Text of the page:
A Long Island mother has filed a complaint with the New York State Division of Human Rights after a teacher allegedly discriminated against her daughter’s hair, suggesting it wasn’t “American” or “normal.”
“I would love to know — what is American hair?”
(Video: CBS New York)
“You know I’m American too?” Cindy Covington told CBS News New York her 17-year-old daughter said during an alleged exchange with her a teacher at Sachem High School East in Farmingville, Long Island.
According to the mother, her daughter’s white cosmetology teacher had remarked about the girl’s “ethnic” hair, prompting the student to ask, “so, if my hair is ethnic hair, then, you know, what type of hair do you have?
“And [the teacher] told my daughter she had American hair, she had normal hair,” Covington recounted before adding, “She said to her, well, you know I’m American too?”
“She felt like she was the outcast in the classroom. She felt uncomfortable. She wanted to leave the class. She started asking to wear wigs. She was constantly asking for her hair to be straightened,” the mother detailed to CBS News.
As a result, the Covingtons have filed a complaint seeking an apology, sensitivity training for the school and unspecified legal damages based on a violation of New York’s 2019 CROWN Act (Creating a Respectful and Open World for Natural Hair). In short, the legislation, signed into law by disgraced former Gov. Andrew Cuomo (D), considers hair discrimination to be equivalent to racial discrimination. New York was the second state to enact such a law, following California.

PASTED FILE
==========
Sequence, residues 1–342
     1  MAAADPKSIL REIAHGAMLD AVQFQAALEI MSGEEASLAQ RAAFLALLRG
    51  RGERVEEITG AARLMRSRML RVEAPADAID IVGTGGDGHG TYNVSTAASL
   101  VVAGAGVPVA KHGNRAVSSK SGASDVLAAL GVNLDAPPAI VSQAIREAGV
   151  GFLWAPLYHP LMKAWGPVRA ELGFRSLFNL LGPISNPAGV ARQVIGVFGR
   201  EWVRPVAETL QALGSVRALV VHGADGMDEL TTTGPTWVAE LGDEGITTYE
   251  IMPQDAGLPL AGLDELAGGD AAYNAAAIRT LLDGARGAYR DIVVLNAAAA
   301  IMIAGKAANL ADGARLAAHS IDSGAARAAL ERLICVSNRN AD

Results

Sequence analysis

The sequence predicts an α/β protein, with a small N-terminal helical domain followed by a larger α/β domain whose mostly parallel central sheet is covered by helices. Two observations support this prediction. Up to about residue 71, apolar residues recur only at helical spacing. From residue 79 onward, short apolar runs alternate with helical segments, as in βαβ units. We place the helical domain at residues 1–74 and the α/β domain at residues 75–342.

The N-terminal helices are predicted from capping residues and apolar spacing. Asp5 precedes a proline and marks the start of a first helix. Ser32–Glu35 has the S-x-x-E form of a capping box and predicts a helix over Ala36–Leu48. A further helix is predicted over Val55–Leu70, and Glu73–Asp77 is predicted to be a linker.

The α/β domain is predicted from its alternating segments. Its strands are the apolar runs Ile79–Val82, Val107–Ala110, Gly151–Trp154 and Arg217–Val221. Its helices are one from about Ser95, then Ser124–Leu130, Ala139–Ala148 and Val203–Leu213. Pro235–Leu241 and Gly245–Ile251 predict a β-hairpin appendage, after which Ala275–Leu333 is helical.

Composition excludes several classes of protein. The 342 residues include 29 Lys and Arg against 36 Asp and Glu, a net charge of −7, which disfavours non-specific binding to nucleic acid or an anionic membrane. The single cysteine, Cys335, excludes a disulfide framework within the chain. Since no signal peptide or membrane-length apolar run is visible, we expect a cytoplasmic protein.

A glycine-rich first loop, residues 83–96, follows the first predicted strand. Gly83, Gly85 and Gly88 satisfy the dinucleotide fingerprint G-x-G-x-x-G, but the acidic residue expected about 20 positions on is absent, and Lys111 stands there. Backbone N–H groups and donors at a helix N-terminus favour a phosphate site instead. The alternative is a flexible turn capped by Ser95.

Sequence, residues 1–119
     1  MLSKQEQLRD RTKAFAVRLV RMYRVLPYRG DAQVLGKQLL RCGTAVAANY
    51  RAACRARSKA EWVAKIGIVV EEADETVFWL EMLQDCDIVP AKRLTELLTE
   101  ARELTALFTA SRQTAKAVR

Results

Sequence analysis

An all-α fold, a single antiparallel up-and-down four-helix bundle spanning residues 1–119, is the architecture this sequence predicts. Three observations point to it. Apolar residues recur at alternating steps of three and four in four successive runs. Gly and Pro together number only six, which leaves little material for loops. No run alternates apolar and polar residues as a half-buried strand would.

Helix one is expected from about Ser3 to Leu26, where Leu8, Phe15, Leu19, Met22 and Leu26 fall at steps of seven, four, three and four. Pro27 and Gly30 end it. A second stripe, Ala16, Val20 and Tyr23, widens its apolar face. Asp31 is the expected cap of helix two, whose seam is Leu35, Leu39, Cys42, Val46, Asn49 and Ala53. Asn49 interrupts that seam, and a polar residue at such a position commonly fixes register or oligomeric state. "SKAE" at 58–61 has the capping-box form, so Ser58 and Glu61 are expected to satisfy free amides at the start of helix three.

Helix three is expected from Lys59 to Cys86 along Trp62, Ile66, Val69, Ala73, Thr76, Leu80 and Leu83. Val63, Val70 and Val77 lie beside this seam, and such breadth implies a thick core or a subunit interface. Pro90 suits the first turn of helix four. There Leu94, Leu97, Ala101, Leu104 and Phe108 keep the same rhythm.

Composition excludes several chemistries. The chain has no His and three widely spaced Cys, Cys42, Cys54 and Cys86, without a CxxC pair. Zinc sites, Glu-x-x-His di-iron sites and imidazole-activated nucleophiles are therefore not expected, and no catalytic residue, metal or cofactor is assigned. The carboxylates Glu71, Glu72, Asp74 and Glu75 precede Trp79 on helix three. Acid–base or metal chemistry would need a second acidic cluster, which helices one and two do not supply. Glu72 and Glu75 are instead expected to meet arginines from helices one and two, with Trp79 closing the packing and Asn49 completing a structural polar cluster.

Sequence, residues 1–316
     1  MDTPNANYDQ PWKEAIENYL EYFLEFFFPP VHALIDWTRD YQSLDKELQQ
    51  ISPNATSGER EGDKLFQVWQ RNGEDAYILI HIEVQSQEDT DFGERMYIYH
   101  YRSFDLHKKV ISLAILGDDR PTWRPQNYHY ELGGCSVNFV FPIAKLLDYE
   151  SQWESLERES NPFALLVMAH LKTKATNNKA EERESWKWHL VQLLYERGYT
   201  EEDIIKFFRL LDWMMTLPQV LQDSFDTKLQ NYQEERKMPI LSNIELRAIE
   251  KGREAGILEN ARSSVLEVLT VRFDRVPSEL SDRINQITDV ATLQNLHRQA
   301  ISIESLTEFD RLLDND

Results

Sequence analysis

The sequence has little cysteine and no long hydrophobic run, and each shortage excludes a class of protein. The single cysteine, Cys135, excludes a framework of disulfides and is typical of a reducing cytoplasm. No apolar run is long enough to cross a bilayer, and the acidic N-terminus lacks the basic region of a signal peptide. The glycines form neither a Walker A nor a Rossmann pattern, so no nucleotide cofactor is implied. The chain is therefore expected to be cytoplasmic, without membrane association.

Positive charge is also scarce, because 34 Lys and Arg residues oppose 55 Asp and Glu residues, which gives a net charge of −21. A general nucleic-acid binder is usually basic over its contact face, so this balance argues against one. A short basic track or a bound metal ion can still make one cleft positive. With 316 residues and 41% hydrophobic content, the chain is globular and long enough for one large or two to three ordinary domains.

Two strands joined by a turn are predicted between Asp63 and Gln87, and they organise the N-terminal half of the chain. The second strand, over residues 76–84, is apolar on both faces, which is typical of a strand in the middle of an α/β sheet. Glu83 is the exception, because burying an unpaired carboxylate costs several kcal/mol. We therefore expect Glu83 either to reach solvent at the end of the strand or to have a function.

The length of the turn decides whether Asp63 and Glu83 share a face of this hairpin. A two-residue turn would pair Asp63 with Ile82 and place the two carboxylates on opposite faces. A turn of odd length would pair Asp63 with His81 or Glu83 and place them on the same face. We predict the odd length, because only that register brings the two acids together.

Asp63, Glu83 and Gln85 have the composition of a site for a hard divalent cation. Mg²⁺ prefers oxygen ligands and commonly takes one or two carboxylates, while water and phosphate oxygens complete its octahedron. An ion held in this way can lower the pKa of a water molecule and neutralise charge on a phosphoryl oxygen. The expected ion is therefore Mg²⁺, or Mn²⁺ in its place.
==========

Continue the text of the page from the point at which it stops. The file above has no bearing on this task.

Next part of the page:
“There are different textures of hair,” Covington pointed out. “I would love to know — what is American hair? What is that? I really would love to know. What is ‘normal’ hair?”
Her attorney Andrew Lieb echoed that point as he told the outlet, “The contrast to ‘American’ or ‘normal,’ saying they’re non-normal, non-American — what does that mean? And, number two, once the mom explains it to the school, for them to do nothing about it and it happen again implies that they were deliberately indifferent to her complaints.”
The mother went on to claim the teacher had justified her statements by arguing that “ethnic hair” is a term used in cosmetology. However, that only prompted Covington to contend that such a term would need to be changed because all people are members of a particular ethnic group.
Meanwhile, Sachem Superintendent of Schools Dr. Christopher Pellettieri released a statement that said, “At this time, the District has not been formally notified or served with any official paperwork regarding this complaint. We have publicly heard about this matter through various media inquiries and are reviewing the alleged complaint.”
It remains up to the Division of Human Rights to investigate the complaint that CBS reported could be mediated or proceed to trial.
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